Supposing we have a fictional webserver app installed on our system called sample-app and we want to configure its log rotation. We will first create its new log configuration file inside /etc/logrotate.d directory.

$ sudo nano /etc/logrotate.d/sample-app

Here is a sample configuration file that could handle these logs:

/var/log/sample-app/*.log {
	daily
	missingok
	rotate 14
	compress
	notifempty
	create 0640 www-data www-data
	sharedscripts
	postrotate
		systemctl reload sample-app
	endscript
}

Next, create its log directory.

$ mkdir /var/log/sample-app

Once log rotation completes, a new log file is created with permission 0640 for owner www-data and group www-data. The sharedscripts flag ensures that the succeeding scripts are executed once per run.

The script inside the block postrotate to endscript is executed after successful log rotations and before the generated logs are compressed.

To dry run and test the above Logrotate configuration, we will execute:

$ sudo logrotate /etc/logrotate.conf --debug
Create Logrotate Configuration File
Create Logrotate Configuration File

Despite the app not existing, Logrotate was able to assess its configuration file state. In the above case, generated and compressed logs are to be stored in /var/log/sample-app.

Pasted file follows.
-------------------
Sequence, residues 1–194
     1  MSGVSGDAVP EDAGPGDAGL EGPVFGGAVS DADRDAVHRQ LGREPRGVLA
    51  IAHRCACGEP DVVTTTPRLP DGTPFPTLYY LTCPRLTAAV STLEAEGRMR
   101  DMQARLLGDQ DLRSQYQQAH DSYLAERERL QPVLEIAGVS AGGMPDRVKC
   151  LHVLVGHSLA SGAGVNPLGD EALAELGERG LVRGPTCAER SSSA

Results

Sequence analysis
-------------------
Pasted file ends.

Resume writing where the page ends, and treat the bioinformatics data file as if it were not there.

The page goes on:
2. Creating an Independent Logrotate Configuration

An app can be running as our system user e.g dnyce. We could assume that its generated logs are stored in /home/dnyce/logs/ directory.
The Logrotate config file should reside in the Home directory:

$ nano /home/dnyce/logrotate.conf

Then paste in the following configuration:

/home/dnyce/logs/*.log {
	hourly
	missingok
	rotate 24
	compress
	create
}

The above logs will be generated hourly.

Let us create the associated logs directory.

$ cd ~
$ mkdir logs
$ touch logs/access.log

Time to test it:

$ logrotate /home/dnyce/logrotate.conf --state /home/dnyce/logrotate-state --verbose
Create Independent Logrotate Configuration
Create Independent Logrotate Configuration

The --verbose details the actions associated with Logrotate. In the above setup, nothing was rotated since Logrotate is seeing the file for the first time. The Logrotate state file will however show recorded info about the run.

$ cat /home/dnyce/logrotate-state 
Show Logrotate Info
Show Logrotate Info

To set up Logrotate to automatically run on an hourly basis for the current system user, open user crontab:

$ crontab -e 

add the following entry on the user’s crontab.

14 * * * * /usr/sbin/logrotate /home/dnyce/logrotate.conf --state /home/dnyce/logrotate-state
Create Cron for Logrotate
Create Cron for Logrotate

In about an hour’s time, the $HOME/logs directory should be populated with a rotated and compressed log file.

We should now be able to configure and rotate log files for both root and non-root users via Logrotate in Linux.

Got something to say? Join the discussion.

Have a question or suggestion? Please leave a comment to start the discussion. Please keep in mind that all comments are moderated and your email address will NOT be published.